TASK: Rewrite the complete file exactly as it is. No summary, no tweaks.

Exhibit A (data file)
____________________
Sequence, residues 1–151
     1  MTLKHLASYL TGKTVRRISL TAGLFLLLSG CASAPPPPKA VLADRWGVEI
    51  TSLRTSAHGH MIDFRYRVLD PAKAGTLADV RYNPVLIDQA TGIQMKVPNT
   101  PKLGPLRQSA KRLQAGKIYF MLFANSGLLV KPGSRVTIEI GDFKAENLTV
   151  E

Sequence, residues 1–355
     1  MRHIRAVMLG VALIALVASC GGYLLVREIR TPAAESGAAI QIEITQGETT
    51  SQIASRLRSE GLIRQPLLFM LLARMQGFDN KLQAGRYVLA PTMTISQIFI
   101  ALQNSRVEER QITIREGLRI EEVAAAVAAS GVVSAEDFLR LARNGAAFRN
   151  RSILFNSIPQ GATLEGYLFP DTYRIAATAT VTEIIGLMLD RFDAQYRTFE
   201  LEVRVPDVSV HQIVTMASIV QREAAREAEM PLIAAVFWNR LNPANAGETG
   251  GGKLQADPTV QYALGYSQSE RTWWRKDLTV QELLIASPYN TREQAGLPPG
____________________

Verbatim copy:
Sequence, residues 1–151
     1  MTLKHLASYL TGKTVRRISL TAGLFLLLSG CASAPPPPKA VLADRWGVEI
    51  TSLRTSAHGH MIDFRYRVLD PAKAGTLADV RYNPVLIDQA TGIQMKVPNT
   101  PKLGPLRQSA KRLQAGKIYF MLFANSGLLV KPGSRVTIEI GDFKAENLTV
   151  E

Sequence, residues 1–355
     1  MRHIRAVMLG VALIALVASC GGYLLVREIR TPAAESGAAI QIEITQGETT
    51  SQIASRLRSE GLIRQPLLFM LLARMQGFDN KLQAGRYVLA PTMTISQIFI
   101  ALQNSRVEER QITIREGLRI EEVAAAVAAS GVVSAEDFLR LARNGAAFRN
   151  RSILFNSIPQ GATLEGYLFP DTYRIAATAT VTEIIGLMLD RFDAQYRTFE
   201  LEVRVPDVSV HQIVTMASIV QREAAREAEM PLIAAVFWNR LNPANAGETG
   251  GGKLQADPTV QYALGYSQSE RTWWRKDLTV QELLIASPYN TREQAGLPPG